Violence in the Ancient Southwest Offers Insights Into Peace, Study Says

Despite some recent sensational claims that the prehistoric Southwest was the site of the worst violence in American history, the archaeologist often cited for that assertion says that, in fact, his research shows how some ancient communities successfully avoided violence.

Dr. Timothy Kohler, an archaeologist at Washington State University, says his team’s research uncovered clues as to why some Ancestral Pueblo communities were able to endure hard times while remaining more peaceful than others around them.

Still, a few news outlets, all working off the same press release, drew different conclusions.

“One article I saw suggested that we called the period from A.D. 1140-1180 in the central Mesa Verde [region] ‘the bloodiest per capita years on North American soil.’ Of course we never said anything remotely like that,” Kohler said in an interview.

Mesa Verde Cliff Palace
The Cliff Palace at Mesa Verde

Instead, Kohler’s study spanned nearly 1,000 years of growth and change among the Ancestral Puebloans, comparing human remains found in two of the densest population areas in the pre-contact Southwest: the central Mesa Verde region in southern Colorado, and the northern Rio Grande, in what’s now north-central New Mexico.

Analyzing samples dating back as far as the 600s to as recently as the 1600s, the researchers looked for two key indicators of hand-to-hand combat: cranial trauma, indicating blunt-force attacks; and injuries to the arm bones, typically viewed as defensive wounds.

Then, the team plotted those findings against other key data, including regional changes in population size, and the potential productivity of maize, a key staple crop, in order to provide “additional context” for the brutality revealed by the bones.

“Most earlier studies … were either more interested in explaining conflict than in explaining its absence, or were simply trying to reconstruct what actually happened, rather than trying to explain why it happened,” Kohler explained.

“We tried to show the long-term regional patterns of intensity of violence in two different areas, and how these patterns were related to regional population size and levels of [maize] production.”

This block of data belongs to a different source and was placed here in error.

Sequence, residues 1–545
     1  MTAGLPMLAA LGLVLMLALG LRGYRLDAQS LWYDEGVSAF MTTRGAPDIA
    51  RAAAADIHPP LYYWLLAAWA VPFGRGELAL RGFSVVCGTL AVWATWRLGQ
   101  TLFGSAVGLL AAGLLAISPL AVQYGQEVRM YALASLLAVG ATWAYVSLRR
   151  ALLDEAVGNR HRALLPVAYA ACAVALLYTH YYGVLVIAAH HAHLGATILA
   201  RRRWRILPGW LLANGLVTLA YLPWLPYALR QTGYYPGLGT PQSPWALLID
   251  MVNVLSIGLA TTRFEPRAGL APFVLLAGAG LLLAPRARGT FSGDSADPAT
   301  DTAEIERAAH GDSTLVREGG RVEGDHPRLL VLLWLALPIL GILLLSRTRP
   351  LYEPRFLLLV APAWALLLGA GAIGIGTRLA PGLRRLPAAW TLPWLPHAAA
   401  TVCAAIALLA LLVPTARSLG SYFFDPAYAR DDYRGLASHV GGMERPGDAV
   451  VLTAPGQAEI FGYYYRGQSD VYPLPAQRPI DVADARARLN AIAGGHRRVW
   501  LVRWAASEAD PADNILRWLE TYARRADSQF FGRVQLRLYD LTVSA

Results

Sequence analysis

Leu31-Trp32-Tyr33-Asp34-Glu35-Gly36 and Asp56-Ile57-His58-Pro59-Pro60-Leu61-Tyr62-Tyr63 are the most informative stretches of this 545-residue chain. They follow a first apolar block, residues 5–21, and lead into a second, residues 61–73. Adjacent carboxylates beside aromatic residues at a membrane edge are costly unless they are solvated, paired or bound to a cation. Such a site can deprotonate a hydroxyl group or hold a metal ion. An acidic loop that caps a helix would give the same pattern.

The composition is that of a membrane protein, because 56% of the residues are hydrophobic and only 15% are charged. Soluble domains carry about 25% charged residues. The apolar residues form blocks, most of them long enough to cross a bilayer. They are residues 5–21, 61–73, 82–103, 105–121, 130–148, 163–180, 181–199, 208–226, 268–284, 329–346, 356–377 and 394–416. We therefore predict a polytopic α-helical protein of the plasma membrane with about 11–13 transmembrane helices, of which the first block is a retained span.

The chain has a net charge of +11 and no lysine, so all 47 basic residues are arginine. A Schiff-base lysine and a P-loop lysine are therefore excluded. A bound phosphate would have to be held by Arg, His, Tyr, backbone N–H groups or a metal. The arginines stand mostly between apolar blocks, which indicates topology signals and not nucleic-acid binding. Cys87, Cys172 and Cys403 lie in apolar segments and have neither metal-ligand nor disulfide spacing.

Their results showed that southwestern Colorado saw spikes in brutal violence in the mid-12th century, largely because of dramatic political upheaval.

Specifically, they found surges in conflict between 1060 and 1100, and again from 1140 to 1180 — periods that coincide with Mesa Verde’s pivotal interactions with the cultural epicenter of the Puebloan world: Chaco Canyon.

The first peak likely stemmed from early contact between the two groups, when Mesa Verde first fell under Chaco’s direct influence, Kohler said. The second coincides with the collapse of the entire Chaco system, when the pressures of what would turn out to be a half-century drought caused instability in the Chacoan system that dominated Mesa Verde territory.

“There was a lot of violence in the central Mesa Verde, much of which seemed to be either resistance to Chaco’s initial expansion, or somehow related to the collapse of the original Chacoan center in the San Juan basin,” Kohler said. [Read about earlier violence in the same region: “Evidence of Hobbling, Torture Discovered at Ancient Massacre Site in Colorado“]

But again, he noted, there’s nothing to indicate that the conflict was of record-breaking proportions.

“In fact, how could we possibly know that, since studies similar to ours have not been completed in other areas of North America?” he asked.

But aside from these two major cultural events, conflict around Mesa Verde seemed to relate less to politics than to corn production, Kohler said.